Marie Bell plays Christine Surgère, a newly widowed middle-aged woman obsessed with the memory of a ball she attended at the age of 16.
When she finds the dance-card of her youth, she decides to track down the men she danced with that night of the ball, revisit her old friends and discover their fates.
Cue co-writer/ director Julien Duvivier’s famous 1937 French episode film, with bright star cameos from Louis Jouvet as crooked lawyer Pierre ‘Jo’ Verdier, Raimu as the mayor Francois Patusset, Fernandel as the hairdresser Fabien Coutissol, Françoise Rosay as the bereaved mother Marguerite Audié, Harry Baur as the monk Alain Regnault, and Pierre Blanchar as an epileptic doctor, Thierry Raynal.
Duvivier’s handsome, alluring film, with its beautiful waltz music score by Maurice Jaubert, is a lovely opportunity to see France’s most famous cinema faces of the Thirties at work and at around their best form. However, the individual sketches are sometimes on the thin side and, with the passing of so much time, some of this golden film’s gilt has fallen off the gingerbread.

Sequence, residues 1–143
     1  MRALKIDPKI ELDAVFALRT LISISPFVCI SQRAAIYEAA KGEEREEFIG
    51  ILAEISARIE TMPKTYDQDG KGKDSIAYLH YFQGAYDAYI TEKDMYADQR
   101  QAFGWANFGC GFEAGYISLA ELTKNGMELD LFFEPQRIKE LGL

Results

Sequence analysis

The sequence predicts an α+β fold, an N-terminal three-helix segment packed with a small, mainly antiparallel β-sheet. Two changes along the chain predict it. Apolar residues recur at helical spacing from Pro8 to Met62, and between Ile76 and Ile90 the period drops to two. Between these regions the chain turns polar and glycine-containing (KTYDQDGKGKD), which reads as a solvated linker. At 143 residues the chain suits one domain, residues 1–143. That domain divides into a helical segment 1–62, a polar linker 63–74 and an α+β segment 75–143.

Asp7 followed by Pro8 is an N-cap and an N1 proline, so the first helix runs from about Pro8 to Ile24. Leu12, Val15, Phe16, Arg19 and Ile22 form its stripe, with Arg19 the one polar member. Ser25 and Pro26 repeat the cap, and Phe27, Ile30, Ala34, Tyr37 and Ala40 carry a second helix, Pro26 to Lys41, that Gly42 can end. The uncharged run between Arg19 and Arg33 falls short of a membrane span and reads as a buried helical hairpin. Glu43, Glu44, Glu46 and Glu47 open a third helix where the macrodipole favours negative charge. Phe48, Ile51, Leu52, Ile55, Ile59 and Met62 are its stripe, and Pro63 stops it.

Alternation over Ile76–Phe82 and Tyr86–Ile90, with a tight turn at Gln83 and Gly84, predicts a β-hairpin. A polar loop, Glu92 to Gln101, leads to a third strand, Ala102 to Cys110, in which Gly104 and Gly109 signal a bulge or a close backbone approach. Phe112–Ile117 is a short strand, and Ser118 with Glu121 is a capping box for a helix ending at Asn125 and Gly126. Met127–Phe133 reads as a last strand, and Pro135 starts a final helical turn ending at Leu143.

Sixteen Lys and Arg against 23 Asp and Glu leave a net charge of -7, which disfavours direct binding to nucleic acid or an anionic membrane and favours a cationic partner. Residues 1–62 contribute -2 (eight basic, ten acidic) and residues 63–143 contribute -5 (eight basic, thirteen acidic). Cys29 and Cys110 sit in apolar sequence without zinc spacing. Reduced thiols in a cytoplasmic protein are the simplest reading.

Nevertheless, this is essential French cinema from its glory days of its pre-war golden era and one of Duvivier’s two masterworks, along with Pépé le Moko (1937).
Also in the cast are Hans Yaray, Yolin Downes, Pierre-Richard Willm, Maurice Bénard, Robert Lynen, Milly Mathis, Sylvie, Andrex and Jeanne Fusier-Gir.
After this, Hollywood then took Duvivier over for The Great Waltz (1938) with Luise Rainer, Fernand Gravey and Miliza Korjus. Un Carnet de Bal was remade by Duvivier in 1941 as Lydia with Merle Oberon, Joseph Cotten and Edna May Oliver.
© Derek Winnert 2016 Classic Movie Review 4299
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